• Select ‘gapps-gb….zip’ push power button
  • Select ‘Yes – Install …’ push power button
  • Select ‘+++++Go Back+++++’ push power button
  • Select ‘- reboot system now’ push power button

Your phone will now boot into CyanogenMod 7. The first boot is slow and you should go through a lot of initial settings. Have fun.


November 1st, 2011 subogero Comments off

This post is about the richness of hacker-lingo. Let’s take, for instance, custom ROMs for Android devices. The real name of the phenomenon is actually “cooked ROM”. Let just savour the beauty of this expression for a moment…

After some frustration with the slowness and general crapness of the official Motorola Froyo for my Defy, I’ve finally made up my mind and installed CyanogenMod-7 last Friday. I’ve followed the instructions of an excellent guide in Hungarian. General impressions:

I’m root by default and busybox is installed. Good start.

The amount of configuration options is mind-boggling.

The status bar is black at last. And the home screen auto-rotates as well.

It’s bloody fast.

It works.

It plays the most fluid liquid drum and bass all day long from my favourite internet radio. It plays offline music and navigates in the car. It GPS-tracks my cycling routes. It can read and write email. It can browse the web. It syncs my contacts between the phone and Evolution automatically via Google. It takes pictures. It browses pictures, much better and faster than the utterly crap Moto-Gallery. Blimey, it can even make phone calls!

It reads the Bible in Hungarian, Greek and Hebrew, just to name a few. Thanks to the new app and-bible. It’s sooooo much better than YouVersion. Swipe left for next chapter. Get to the Hebrew Aleppo codex with one tap. Local search. No pretend-to-be-social-internet-junkiness. Just do one thing extremely well. Respect.

Back to CM7, I have a week impression that it’s a bit heavier on the battery than the stock firmware. But it needs to be confirmed.

Tomorrow is the big day. We’ll test whether it connects via Bluetooth to the helmets of the great Defy-using-and-motorcycling community at the office. Which the original Moto firmware does not. Keep fingers crossed.

Human-like Robot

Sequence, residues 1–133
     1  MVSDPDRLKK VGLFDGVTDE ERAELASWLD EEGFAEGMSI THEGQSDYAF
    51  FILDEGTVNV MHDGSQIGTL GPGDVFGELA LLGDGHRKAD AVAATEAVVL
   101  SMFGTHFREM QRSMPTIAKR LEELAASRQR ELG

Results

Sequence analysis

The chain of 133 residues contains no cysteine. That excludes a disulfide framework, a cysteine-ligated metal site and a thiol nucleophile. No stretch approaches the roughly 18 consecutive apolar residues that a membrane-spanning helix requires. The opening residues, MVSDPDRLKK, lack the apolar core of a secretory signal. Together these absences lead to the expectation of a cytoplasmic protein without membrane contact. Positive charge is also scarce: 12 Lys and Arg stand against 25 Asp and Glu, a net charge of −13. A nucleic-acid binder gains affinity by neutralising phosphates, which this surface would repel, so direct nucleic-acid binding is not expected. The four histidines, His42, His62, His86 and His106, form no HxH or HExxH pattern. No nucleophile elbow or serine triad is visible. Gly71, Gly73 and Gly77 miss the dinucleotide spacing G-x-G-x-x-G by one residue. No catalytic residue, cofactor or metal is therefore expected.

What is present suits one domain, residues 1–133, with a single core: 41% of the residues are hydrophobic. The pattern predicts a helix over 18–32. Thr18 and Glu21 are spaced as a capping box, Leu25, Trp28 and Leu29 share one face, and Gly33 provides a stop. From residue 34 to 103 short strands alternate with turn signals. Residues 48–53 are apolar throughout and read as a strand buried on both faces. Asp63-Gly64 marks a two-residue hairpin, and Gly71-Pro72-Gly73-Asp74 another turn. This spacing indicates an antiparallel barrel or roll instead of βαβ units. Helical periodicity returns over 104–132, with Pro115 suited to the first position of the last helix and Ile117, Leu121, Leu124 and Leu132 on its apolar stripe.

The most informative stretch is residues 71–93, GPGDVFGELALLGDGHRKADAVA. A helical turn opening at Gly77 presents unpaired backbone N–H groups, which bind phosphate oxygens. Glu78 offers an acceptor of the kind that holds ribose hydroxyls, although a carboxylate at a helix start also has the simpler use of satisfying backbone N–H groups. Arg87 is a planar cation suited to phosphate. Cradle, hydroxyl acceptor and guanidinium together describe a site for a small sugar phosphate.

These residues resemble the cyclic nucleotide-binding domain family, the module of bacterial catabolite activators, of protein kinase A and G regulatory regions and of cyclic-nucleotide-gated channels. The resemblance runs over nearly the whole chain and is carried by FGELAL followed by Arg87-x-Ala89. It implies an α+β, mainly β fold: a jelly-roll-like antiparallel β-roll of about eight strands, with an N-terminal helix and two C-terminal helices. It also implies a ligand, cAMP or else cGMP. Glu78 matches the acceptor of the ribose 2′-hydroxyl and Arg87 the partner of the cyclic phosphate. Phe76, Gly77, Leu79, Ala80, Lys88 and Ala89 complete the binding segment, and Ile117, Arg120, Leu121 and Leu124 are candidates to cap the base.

February 2nd, 2011 subogero 1 comment

My Moto V3i began to give up. As usual, the flip bearings became loose and, the phone reset itself ever more often, usually while receiving calls. Slightly disturbing.

So, eventually, I also gave up resisting the smartphone wave and started looking for incrementing my Linux kernel-count. The main candidate was the HTC Hero with its sturdy aluminium housing. That is, until I found the strange Motorola Defy on the Hungarian Price Machine. Slightly cheaper, with an even more sturdy shock- and waterproof housing and scratch-proof glass. Hungarians don’t like stuff if it is scratched. The gadget also has a 0.8 GHz ARM processor, accelerometers, n-type WiFi, GPS and a Full Wide touchscreen with 854 x 480 resolution.

True to form I did two things with it on the first day:

  • rooted it
  • poured water on it

Both with excellent results. It also got a Terminal Emulator and Busybox installed on it. The reason? It turned out that Android’s underlying Linux is an extremely crude environment. First, it has no GNU tools. And they did not even bother with installing Busybox, the usual commands are links to either Google’s toolbox or Motorola’s motobox. Both very poor. My 8 MB OpenWrt router’s command line environment is a luxurious place compared to this phone (half gig internal memory, remember).

Oh, and how does it work as a phone, you may ask? Quite brilliantly, actually.

I no more need a camera. It takes brilliant pictures in daylight.
I no more need to carry a private laptop while travelling, as it’s got WiFi, Email and Web.
I no more need maps or a GPS device. i just GO.
I no more need those bloody 20th century CDs in the car. Just play music from the phone.

One Gadget To Rule Them All.

Categories: Uncategorized Tags: ,